1834 Kennebec River "Road to Canada", a survey of the Kennebec from Hallowell to Moosehead Lake and the Canada Line shows the river through Augusta, Norridgewock, Bingham, and The Forks,Maine. This is the route followed by Benedict Arnold during the American Revolution in 1775 in the first military expedition of the newly formed Continental Army to gain military control of Quebec.
The expedition left Cambridge, MA, went from the mouth of the Kennebec to a portage south of The Forks (confluence of the Kennebec and Dead Rivers) over the "Carrying Ponds" to the Dead River, over the Height of Land to Lac Megantic and the Chaudiere River and thence to the St. Lawrence and Quebec City. The river is listed in the National Register of Historic Places as the Arnold Trail to Quebec. Maine is still looking for a "road to Canada" today, although it is an east-west road being persued.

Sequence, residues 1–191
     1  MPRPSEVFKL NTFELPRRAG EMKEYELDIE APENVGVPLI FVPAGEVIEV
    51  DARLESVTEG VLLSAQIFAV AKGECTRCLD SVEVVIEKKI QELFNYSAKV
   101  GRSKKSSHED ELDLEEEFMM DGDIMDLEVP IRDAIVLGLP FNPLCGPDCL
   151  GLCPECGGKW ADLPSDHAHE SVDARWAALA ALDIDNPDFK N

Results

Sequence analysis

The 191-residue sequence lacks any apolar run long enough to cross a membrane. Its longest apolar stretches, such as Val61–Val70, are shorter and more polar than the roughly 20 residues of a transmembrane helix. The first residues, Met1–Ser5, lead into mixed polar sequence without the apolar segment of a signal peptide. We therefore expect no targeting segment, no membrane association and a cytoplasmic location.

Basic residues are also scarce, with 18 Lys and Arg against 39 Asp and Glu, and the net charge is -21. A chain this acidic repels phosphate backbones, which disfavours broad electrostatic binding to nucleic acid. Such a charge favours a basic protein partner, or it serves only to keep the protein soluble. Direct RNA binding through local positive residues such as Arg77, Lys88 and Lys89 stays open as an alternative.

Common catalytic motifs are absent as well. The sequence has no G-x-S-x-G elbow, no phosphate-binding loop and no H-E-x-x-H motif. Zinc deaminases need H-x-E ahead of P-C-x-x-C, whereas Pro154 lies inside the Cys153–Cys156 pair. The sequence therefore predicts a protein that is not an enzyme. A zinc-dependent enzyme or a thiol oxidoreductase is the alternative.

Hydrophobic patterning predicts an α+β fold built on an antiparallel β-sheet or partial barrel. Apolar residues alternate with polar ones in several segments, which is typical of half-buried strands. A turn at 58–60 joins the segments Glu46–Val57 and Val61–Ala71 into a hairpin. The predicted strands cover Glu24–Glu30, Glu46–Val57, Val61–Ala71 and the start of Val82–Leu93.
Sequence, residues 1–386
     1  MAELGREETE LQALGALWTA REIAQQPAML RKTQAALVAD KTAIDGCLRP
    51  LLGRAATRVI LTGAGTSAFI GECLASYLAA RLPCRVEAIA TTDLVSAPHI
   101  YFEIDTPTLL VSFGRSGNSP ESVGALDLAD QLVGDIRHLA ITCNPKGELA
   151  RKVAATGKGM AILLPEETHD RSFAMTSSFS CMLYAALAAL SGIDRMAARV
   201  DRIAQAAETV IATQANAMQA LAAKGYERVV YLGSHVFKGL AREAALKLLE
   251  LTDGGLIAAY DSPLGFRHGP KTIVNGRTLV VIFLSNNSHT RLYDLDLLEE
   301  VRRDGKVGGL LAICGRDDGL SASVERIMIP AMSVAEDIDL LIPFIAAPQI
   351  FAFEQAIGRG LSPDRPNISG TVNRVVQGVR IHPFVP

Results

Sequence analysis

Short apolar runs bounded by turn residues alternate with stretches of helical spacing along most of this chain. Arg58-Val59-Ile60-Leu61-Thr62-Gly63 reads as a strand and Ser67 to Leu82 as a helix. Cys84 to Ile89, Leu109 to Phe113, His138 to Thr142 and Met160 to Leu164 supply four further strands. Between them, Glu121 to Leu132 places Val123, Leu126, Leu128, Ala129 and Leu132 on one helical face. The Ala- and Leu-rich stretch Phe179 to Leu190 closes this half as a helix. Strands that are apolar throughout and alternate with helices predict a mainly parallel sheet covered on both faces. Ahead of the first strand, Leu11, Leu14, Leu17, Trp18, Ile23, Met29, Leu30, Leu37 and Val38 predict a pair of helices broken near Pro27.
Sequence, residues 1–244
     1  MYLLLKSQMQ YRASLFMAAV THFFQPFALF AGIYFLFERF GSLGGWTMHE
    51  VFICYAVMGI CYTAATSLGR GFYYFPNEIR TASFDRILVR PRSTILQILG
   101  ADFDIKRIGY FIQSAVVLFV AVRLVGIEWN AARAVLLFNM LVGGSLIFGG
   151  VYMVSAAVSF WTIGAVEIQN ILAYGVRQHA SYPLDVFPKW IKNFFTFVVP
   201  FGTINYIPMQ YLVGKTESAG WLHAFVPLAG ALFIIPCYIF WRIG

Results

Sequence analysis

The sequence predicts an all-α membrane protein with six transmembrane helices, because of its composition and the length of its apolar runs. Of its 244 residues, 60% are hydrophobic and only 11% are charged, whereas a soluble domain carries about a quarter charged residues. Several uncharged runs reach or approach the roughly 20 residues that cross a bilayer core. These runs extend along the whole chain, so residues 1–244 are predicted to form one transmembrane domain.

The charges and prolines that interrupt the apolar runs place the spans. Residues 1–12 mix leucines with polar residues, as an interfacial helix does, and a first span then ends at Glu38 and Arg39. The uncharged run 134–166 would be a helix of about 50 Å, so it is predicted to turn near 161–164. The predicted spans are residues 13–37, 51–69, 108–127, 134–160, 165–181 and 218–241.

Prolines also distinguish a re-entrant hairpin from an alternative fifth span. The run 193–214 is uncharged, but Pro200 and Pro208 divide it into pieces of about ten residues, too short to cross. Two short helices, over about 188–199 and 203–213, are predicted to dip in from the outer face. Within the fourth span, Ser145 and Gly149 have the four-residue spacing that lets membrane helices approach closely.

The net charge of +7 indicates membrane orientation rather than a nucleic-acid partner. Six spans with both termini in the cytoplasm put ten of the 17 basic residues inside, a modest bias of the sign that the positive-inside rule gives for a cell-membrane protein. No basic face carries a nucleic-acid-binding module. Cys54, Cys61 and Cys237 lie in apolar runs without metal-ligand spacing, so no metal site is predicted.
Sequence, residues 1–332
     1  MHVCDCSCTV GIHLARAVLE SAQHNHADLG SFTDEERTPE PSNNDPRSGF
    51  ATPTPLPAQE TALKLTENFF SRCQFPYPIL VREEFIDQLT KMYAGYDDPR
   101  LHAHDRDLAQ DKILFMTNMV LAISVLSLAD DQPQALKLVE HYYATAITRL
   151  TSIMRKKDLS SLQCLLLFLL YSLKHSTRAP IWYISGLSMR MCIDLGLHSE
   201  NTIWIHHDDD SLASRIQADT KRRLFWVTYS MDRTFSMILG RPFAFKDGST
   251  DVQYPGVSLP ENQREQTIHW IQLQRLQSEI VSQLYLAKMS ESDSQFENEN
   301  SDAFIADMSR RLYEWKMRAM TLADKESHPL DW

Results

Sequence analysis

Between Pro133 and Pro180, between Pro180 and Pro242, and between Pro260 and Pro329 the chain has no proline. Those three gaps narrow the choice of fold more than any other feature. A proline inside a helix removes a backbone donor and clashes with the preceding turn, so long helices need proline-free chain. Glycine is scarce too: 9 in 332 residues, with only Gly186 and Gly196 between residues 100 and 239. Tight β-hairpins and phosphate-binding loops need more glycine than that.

The map title reads "Reconnaissance made in 1834 by Hartman Bache T.E. & Bt. Major Assisted by G. W. Ward 2nd Lt. 2nd Arty. and J. F. Cooper Bt.2nd Lt. 3rd Infy." The cartographers used Greenleaf's map of Maine as source with corrections by Ward and Cooper. The map names Moosehead Lake, the Bald Mountains, and three branches of the Penobscot River. A good road network is shown between Waterville, Skowhegan Falls, Norridgewock, Solon, and more. There is good detail of the Old Canada Road with a note at the border that Quebec is 93 miles. North is oriented to the right.
This map completes our first collection of maps of the legendary Kennebec.
Archival Reproduction print from high resolution scan. 36.25" x 18.5"